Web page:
A consumer has the legal right to have all negative information removed after a specific period of time. This typically pertains to bankruptcy cases, which should generally be removed from a report after seven to 10 years. If this does not happen automatically, consumers can make a request or seek assistance from an attorney.

Right to restrict access

The threat of identity theft is one of the most important reasons only consumers can provide access to their reports and on a strictly need-to-know basis. Privacy concerns are also valid. People with a legitimate need as identified by the FTC include the following:

  • Insurance companies
  • Landlords
  • Employers
  • Creditors

Right to withhold consent from employers

For employers to use your credit history when making a hiring or promotion decision, you must provide written consent. Without this, employers cannot legally access your credit information and would face penalties for doing so. Unfortunately, the trucking industry is an exception to this as employers can access drivers’ information without written consent.

Right to restrict prescreened offers

One of the big contributing factors that keep residents in debt is that creditors bombard them with offers on a daily basis. What many consumers might not realize is that they can put an end to these by removing their personal information from the database companies use to submit offers. The FTC recommends calling 1-888-5-OPTOUT to achieve this.

Right to a security freeze

If you believe you have been or might soon become a victim of identity theft, then you might be considering a security freeze. There are also many people who choose to freeze their credit accounts as a proactive measure, regardless of the risk level. When you exercise this right, consumer reporting agencies need your express authorization to disclose your credit history to any entity.

Right to seek damages

You have the right to seek damages against the credit reporting bureaus if they violate the FCRA. Entities that report information to the credit bureaus and entities that use this information can also become liable for damages to you if they violate the FCRA.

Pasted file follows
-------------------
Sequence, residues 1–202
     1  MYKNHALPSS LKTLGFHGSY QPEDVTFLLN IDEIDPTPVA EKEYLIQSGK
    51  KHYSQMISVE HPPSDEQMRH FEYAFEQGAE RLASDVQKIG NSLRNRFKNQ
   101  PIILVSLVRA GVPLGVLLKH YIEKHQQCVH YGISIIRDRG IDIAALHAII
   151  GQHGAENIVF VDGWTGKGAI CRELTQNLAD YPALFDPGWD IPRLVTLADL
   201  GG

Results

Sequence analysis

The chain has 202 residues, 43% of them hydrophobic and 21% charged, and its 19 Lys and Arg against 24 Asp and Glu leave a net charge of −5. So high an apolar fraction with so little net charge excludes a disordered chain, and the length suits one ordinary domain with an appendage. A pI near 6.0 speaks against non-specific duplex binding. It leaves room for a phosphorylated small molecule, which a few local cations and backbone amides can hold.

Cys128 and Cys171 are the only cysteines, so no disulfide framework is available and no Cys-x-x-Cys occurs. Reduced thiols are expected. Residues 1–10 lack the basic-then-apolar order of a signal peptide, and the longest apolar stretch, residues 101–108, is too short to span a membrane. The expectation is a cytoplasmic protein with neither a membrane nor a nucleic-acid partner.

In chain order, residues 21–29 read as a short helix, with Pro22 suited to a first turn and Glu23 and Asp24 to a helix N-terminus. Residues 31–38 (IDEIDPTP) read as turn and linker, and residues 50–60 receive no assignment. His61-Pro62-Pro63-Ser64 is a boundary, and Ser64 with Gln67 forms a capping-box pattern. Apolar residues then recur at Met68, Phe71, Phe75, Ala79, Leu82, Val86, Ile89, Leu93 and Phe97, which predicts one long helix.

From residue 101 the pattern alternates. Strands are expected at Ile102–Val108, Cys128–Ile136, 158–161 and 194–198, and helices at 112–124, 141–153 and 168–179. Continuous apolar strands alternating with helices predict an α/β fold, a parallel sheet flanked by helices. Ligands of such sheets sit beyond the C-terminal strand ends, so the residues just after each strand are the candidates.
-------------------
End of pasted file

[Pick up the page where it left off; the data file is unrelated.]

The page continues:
Examples of inaccurate reporting that violate the FCRA

There are many reporting practices and inaccuracies that can cause trouble for you as a consumer and violate the FCRA. Here are some of the most common examples you might encounter:

  • Failure to remove legitimate credit accounts that are now closed
  • Failure to correct any inaccurate information regarding late or delinquent payments
  • Duplicate debts reporting the same information more than once
  • Legitimate credit accounts that have incorrect information such as inaccurate opening dates, payments or delinquencies
  • Incorrect user information with respect to a credit account, such as listing an individual as an owner instead of simply as an authorized user
  • Failure to correct data errors found on credit reports resulting from software program errors
  • Legitimate credit accounts with incorrect balances or incorrect credit limits listed or incorrect credit limits listed

Contact an experienced FCRA attorney

The Schmierer Law Group represents clients nationwide with FCRA claims. You have legal rights under the FCRA and under the law. If you feel that your rights were violated in any way or need assistance with errors found on your credit reports, contact the Schmierer Law Group today. Find out how we can protect your legal rights.